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High-frequency ventilation has been an unconventional option for more than three decades and during that period several varieties of high-frequency ventilators have come and gone. Currently, interest in high-frequency ventilation in adult critical care is part of a larger search for ventilator strategies that can support gas exchange in the severely hypoxemic patient without contributing additional ventilator-induced lung injury. Over the past 30 years, high-frequency ventilators provided an experimental tool that identified many of the mechanisms that contribute to ventilator-induced lung injury. It became clear that ventilator-induced lung injury is minimized by ventilator patterns that achieve homogeneous aeration of as much of the lung as possible, avoiding both injury from overdistension (volutrauma) and that arising from the repetitive opening and closing of lung units in regions of atelectasis (atelectrauma) (Fig. 19-1).1 Failure to operate in the “safe zone” initiates biotrauma.2,3

Figure 19-1

Pressure-volume curve of a moderately diseased lung, as in a patient with acute lung injury. Ventilator-induced lung injury occurs at both extremes of lung volume. In the zone of overdistension, damage arises from edema fluid accumulation, surfactant degradation, and mechanical disruption. In the zone of derecruitment and atelectasis, lung injury arises from the direct trauma of repeated closure and reexpansion of small airways and alveoli, through accumulation and activation of inflammatory cells with release of cytokines (biotrauma), through interactions with local hypoxemia, by inhibition of surfactant, and through compensatory overexpansion of the rest of the lung as the lung “shrinks.” High end-expiratory pressures plus small tidal volume cycles are needed to stay in the safe window. (Reproduced, with permission, from Lippincott Williams & Wilkins, Froese AB, High-frequency oscillatory ventilation for adult respiratory distress syndrome: let’s get it right this time. Crit Care Med. 1997;25:906–908.)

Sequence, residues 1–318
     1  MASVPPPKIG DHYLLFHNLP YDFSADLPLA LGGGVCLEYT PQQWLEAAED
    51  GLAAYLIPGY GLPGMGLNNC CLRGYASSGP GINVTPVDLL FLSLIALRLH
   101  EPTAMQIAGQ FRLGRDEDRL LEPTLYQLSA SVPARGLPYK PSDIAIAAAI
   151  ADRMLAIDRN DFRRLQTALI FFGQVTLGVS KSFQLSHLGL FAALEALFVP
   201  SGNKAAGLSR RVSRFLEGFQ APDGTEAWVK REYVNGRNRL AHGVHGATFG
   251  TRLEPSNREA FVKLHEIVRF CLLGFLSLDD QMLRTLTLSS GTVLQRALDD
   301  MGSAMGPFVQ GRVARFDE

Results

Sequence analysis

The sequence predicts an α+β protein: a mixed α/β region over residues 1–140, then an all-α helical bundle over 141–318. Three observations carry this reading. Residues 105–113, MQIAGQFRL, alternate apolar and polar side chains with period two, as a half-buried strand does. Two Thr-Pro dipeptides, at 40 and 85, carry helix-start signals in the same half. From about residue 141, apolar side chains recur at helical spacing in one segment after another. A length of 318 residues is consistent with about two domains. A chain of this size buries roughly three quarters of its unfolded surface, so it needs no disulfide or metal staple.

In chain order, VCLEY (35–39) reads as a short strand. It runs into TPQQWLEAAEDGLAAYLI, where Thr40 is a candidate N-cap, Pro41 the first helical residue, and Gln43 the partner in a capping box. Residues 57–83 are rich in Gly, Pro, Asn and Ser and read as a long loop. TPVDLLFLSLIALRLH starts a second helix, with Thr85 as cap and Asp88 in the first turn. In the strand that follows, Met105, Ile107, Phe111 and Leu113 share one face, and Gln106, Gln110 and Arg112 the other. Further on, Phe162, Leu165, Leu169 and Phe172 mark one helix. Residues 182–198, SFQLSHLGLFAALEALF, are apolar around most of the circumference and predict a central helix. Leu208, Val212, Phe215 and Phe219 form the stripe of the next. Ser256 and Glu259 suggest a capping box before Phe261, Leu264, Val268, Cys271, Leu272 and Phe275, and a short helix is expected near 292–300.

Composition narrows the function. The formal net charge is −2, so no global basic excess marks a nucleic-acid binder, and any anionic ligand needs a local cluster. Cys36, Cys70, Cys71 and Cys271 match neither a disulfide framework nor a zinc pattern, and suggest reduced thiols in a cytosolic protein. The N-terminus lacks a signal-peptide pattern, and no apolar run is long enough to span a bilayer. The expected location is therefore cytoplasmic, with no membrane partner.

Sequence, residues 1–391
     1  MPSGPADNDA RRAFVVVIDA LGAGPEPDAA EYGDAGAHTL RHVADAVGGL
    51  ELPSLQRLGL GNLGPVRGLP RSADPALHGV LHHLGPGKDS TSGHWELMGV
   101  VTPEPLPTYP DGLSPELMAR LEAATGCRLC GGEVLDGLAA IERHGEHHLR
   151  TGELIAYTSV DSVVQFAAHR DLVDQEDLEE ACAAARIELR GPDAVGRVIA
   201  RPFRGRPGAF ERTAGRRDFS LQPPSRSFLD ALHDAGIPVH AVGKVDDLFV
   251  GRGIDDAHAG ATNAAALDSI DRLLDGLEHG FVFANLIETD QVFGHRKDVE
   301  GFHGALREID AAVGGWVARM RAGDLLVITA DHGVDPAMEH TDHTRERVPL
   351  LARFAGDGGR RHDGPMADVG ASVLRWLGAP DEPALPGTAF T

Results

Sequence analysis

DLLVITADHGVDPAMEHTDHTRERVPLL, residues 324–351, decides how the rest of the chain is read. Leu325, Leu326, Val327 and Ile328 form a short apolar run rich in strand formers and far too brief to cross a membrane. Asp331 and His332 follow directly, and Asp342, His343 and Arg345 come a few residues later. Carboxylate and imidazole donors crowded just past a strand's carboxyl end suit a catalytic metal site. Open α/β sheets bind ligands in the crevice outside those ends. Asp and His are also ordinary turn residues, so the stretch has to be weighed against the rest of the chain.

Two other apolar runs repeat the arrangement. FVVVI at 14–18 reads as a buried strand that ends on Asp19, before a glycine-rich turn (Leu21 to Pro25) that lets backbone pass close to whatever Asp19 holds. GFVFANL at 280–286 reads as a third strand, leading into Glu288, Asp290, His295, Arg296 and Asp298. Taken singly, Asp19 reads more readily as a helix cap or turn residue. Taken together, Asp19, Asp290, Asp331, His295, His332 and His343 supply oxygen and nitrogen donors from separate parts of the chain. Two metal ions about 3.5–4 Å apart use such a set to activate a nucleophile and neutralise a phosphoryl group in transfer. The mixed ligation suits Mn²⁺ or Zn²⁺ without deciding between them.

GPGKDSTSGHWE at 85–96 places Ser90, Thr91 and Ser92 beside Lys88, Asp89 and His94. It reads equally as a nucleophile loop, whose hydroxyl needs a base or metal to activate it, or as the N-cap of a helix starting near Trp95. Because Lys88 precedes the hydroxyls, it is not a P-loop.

The concept of a “safe zone” within which to ventilate the atelectasis-prone lung has been reflected in numerous clinical trials of lung-protective ventilation over the last 15 years. Conventional ventilator protocols have found survival benefit from shrinking the tidal volume and minimizing peak or plateau distending pressures.4 Studies such as that of Roupie et al5 and Terragni et al6 suggest that very small tidal volumes—even lower than 6 mL/kg predicted body weight—may be needed in some patients (those with the worst lung injury) to avoid overdistension. Very high levels of positive end-expiratory pressure (PEEP) would be needed in some patients to avoid derecruitment.7 Concurrently, high-frequency ventilation—both in oscillatory and jet forms—has become an established lung-protective modality in neonatal and pediatric intensive care (see Chapter 23).814 The question, however, persists: in severe acute respiratory distress syndrome in adult patients, will use of a high-frequency device result in clinically important outcome differences compared with lung-protective conventional ventilation, or are newer conventional ventilator protocols now equally able to protect the lung?1517

Several existing reviews detail the history of ...

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